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Question: I brought a bottle of pinot noir I’d been saving for a special occasion to a dinner party, which the host promptly placed on his wine rack. The wines he served instead weren’t as nice. Could I have insisted that he open my wine?

If Miss Manners taught me anything besides how to properly stir tea – north, south, gently from 12 o’clock to six o’clock – it’s that the host gift belongs to the host or hostess. It’s a token of gratitude for the invitation and hospitality.

When you bring a bottle of wine to a dinner party, decorum suggests it’s up to the host to decide whether to open it. They may have already selected wines for the meal.

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Nevertheless, this remains a common conundrum for wine lovers. You bring a special bottle you’d hope to share with company and end up gritting your teeth as you sip a joyless glass of plonk instead.

I have heard of people who bring a chilled bottle of white or sparkling as a sign of intent.

A friend from Ottawa recalls being at a dinner party where a guest turned up with his bottle of red wine already decanted, potentially running afoul of open container laws in transit.

Certainly that’s one surefire way to ensure your bottle gets opened, but I sought out advice from one of the leaders of hospitality in Canadian wine to find out a more tactful manner of influencing your host’s decision.

Debi Pratt worked alongside Donald Ziraldo and Karl Kaiser at Inniskillin Wines and largely influenced sales, marketing and public relations practices for the Ontario and Canadian wine industries. Her 40-plus years of achievement in the wine industry earned her the 2019 Lifetime Achievement Award from the Greater Niagara Chamber of Commerce in October.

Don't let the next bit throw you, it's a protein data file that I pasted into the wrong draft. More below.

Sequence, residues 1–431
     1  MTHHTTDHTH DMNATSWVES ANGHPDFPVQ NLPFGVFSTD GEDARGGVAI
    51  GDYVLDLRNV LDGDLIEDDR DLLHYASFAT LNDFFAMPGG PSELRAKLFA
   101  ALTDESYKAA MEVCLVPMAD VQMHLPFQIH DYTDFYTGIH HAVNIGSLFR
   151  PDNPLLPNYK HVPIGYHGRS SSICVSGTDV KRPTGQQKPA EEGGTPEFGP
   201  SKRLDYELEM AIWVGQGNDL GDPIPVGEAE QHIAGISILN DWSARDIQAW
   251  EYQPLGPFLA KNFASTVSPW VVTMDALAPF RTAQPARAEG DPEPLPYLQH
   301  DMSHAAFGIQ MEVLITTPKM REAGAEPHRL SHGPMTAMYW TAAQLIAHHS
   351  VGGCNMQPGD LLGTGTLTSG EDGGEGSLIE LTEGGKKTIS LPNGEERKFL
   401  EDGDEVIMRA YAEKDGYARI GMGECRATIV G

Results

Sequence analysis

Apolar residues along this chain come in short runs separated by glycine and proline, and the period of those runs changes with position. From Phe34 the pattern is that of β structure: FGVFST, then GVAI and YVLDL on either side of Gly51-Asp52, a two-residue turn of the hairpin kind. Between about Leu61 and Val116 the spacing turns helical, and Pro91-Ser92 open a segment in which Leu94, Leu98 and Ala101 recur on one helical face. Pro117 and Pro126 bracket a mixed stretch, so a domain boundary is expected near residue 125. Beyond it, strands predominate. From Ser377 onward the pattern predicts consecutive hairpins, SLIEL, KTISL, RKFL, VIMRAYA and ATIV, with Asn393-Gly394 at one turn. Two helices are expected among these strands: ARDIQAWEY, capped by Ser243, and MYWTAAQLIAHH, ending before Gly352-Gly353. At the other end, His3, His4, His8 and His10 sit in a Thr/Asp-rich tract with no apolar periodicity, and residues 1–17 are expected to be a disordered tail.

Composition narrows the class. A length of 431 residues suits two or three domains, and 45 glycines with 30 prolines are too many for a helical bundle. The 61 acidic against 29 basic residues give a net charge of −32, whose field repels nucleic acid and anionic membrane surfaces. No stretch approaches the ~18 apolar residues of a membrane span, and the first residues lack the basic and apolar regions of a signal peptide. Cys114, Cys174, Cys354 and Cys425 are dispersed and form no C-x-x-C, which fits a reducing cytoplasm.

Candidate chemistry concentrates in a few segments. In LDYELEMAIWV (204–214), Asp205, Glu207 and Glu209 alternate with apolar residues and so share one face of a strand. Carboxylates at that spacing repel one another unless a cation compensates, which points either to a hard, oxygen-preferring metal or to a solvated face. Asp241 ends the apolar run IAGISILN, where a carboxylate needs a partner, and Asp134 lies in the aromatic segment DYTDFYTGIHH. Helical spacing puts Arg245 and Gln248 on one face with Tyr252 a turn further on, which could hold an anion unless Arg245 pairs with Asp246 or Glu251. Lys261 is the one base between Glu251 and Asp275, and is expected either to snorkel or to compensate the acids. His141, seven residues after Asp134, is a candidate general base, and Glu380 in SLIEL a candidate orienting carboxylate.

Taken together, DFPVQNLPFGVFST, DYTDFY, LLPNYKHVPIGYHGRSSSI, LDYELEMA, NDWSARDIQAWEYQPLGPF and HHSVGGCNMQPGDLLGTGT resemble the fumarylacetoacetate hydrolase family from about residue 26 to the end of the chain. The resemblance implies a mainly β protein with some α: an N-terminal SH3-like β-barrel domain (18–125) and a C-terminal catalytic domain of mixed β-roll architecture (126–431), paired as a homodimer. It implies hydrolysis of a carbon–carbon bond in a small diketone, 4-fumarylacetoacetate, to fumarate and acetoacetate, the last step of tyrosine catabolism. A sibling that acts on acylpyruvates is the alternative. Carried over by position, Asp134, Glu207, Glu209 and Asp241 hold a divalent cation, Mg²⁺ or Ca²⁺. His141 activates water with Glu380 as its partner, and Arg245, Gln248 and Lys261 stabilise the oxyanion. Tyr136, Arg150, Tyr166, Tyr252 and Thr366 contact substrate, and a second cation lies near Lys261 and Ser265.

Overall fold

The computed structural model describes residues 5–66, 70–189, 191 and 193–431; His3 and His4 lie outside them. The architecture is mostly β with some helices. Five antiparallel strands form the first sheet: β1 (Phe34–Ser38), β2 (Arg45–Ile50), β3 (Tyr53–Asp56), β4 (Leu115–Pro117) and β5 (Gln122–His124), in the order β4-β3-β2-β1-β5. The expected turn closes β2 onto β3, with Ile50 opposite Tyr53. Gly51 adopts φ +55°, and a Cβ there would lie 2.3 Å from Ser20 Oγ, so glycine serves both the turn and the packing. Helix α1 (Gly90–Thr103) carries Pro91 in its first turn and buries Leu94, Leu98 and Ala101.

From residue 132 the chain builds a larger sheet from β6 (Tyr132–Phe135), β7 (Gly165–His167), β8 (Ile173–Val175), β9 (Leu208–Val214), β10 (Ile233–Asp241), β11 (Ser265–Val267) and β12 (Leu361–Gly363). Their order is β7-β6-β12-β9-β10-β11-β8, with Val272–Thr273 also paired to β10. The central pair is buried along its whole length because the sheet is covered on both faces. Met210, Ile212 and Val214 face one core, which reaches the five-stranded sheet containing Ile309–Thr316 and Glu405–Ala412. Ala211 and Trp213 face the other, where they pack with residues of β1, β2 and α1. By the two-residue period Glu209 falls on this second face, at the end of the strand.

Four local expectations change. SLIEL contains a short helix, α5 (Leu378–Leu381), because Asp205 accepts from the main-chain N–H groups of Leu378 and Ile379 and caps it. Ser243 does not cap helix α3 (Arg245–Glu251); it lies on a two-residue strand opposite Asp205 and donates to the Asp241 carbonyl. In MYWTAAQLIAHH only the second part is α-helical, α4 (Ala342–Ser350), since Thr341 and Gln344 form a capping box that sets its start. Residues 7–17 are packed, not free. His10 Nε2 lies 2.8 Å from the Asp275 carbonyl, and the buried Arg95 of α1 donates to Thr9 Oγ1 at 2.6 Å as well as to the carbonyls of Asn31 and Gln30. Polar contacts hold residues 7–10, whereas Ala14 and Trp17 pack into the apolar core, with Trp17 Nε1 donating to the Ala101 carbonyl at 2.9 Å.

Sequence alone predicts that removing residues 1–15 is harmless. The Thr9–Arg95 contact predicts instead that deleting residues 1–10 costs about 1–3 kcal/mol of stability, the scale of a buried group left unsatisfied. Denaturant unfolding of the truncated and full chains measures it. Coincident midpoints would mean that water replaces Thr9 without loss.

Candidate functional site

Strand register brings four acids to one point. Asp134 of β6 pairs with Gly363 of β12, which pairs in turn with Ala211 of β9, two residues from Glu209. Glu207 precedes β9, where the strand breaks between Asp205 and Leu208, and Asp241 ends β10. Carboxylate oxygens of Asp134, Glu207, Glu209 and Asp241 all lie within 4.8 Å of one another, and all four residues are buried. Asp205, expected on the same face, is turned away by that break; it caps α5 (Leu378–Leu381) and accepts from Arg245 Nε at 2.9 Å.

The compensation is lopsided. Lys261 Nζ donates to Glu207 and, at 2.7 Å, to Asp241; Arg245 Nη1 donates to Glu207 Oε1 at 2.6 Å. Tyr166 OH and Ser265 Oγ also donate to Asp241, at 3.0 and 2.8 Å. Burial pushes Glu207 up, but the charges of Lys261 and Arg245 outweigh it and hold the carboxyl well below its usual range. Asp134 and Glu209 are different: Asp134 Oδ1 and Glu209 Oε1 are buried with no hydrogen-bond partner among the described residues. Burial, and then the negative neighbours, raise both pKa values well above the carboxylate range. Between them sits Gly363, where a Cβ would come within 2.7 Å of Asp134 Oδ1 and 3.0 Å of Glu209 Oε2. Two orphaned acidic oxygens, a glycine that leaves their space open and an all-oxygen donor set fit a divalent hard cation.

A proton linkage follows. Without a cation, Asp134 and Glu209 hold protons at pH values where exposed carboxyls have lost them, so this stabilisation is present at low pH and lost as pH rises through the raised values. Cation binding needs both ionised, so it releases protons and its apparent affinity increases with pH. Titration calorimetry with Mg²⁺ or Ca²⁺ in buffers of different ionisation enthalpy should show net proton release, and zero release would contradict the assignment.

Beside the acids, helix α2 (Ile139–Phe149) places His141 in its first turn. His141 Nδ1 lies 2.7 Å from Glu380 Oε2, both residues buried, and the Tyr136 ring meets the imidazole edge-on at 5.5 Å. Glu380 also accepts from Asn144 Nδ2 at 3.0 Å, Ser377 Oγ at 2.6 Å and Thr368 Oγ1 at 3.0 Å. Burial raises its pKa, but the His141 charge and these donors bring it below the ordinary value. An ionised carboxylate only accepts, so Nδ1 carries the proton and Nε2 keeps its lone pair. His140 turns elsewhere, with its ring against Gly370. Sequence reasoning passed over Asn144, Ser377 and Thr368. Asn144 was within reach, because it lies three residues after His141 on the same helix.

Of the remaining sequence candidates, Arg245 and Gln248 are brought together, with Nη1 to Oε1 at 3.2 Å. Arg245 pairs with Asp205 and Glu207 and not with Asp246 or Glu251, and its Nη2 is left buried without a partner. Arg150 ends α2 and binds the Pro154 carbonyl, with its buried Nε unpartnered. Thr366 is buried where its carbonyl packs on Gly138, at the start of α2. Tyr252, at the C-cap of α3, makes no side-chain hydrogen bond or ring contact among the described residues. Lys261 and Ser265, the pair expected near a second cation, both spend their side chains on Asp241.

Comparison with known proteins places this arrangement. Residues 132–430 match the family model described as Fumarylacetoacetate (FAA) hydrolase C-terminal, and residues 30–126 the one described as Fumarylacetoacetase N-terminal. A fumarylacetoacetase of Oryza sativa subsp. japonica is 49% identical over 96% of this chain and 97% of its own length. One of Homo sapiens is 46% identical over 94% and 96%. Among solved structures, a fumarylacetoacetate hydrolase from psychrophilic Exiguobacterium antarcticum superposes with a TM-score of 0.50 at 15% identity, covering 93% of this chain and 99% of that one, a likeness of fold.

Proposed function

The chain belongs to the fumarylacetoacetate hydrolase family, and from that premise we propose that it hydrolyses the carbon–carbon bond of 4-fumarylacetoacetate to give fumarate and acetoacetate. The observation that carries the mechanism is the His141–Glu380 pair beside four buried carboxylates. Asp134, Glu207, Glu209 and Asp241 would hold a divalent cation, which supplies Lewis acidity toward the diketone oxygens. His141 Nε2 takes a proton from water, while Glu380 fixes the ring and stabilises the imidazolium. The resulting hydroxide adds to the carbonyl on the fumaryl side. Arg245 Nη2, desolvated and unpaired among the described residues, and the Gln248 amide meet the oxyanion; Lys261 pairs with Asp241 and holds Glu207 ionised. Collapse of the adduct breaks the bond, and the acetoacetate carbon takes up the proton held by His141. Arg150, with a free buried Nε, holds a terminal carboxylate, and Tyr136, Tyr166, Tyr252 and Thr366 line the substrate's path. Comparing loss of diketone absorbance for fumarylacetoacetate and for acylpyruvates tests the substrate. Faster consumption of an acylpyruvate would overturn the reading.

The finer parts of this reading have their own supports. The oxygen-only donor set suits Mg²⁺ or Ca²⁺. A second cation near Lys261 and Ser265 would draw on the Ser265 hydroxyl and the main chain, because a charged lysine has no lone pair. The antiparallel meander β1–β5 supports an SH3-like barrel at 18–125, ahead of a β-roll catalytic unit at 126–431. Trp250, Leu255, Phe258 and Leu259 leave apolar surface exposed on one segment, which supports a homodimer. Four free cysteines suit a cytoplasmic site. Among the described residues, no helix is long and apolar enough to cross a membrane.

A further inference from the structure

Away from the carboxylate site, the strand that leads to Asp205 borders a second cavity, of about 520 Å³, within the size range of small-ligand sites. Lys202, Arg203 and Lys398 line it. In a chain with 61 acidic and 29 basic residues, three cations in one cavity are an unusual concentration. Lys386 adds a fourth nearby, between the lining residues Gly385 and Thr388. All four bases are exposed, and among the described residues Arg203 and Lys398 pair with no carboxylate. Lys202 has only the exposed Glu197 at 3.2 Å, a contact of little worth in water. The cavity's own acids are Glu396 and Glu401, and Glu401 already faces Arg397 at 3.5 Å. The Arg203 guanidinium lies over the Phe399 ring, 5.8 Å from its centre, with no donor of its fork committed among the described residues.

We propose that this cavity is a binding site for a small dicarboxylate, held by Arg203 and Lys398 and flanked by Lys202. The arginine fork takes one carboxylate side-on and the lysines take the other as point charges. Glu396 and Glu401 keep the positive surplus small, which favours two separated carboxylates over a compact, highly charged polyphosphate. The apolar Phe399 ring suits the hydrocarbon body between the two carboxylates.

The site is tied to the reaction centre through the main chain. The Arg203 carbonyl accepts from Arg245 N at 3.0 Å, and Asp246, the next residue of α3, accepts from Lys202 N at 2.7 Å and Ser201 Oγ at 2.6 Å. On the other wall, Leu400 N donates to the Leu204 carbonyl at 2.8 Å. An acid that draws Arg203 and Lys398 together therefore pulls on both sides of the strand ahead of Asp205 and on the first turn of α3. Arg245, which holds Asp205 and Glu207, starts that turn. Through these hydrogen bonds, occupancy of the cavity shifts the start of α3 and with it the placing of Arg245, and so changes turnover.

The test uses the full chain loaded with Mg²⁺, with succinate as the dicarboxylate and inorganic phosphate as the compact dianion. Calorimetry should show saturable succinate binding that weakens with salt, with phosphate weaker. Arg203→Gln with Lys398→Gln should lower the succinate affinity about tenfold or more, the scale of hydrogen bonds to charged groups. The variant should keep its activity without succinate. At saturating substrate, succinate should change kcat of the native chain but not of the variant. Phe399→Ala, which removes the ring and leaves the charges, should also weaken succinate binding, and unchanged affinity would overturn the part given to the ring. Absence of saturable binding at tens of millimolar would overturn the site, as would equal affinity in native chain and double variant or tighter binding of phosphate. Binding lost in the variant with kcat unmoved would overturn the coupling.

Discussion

“I love this scenario as we have all had it happen to us,” explains Pratt, who retired in 2014, having served in senior marketing and public relations roles with Inniskillin Wines, then Vincor and Constellation Brands.

“If it’s a special white that I bring, I always say, ‘Let’s get this chilled so we can all enjoy a wine that I think is very special and one of my favourites. Will love to hear what you think?’”

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Pratt suggests taking a similar approach. When you arrive with your particular bottle, she advises explaining to your host, “I’m looking forward to sharing this wine with you and your guests tonight. I chose it specifically because I thought everyone would enjoy it and I have an interesting story that I will share as we taste it.”

Opening the wine will still be at your host’s discretion, but at least you’ve made your case.

E-mail your wine and spirits questions to The Globe. Look for answers to select questions to appear in the Good Taste newsletter and on The Globe and Mail website.

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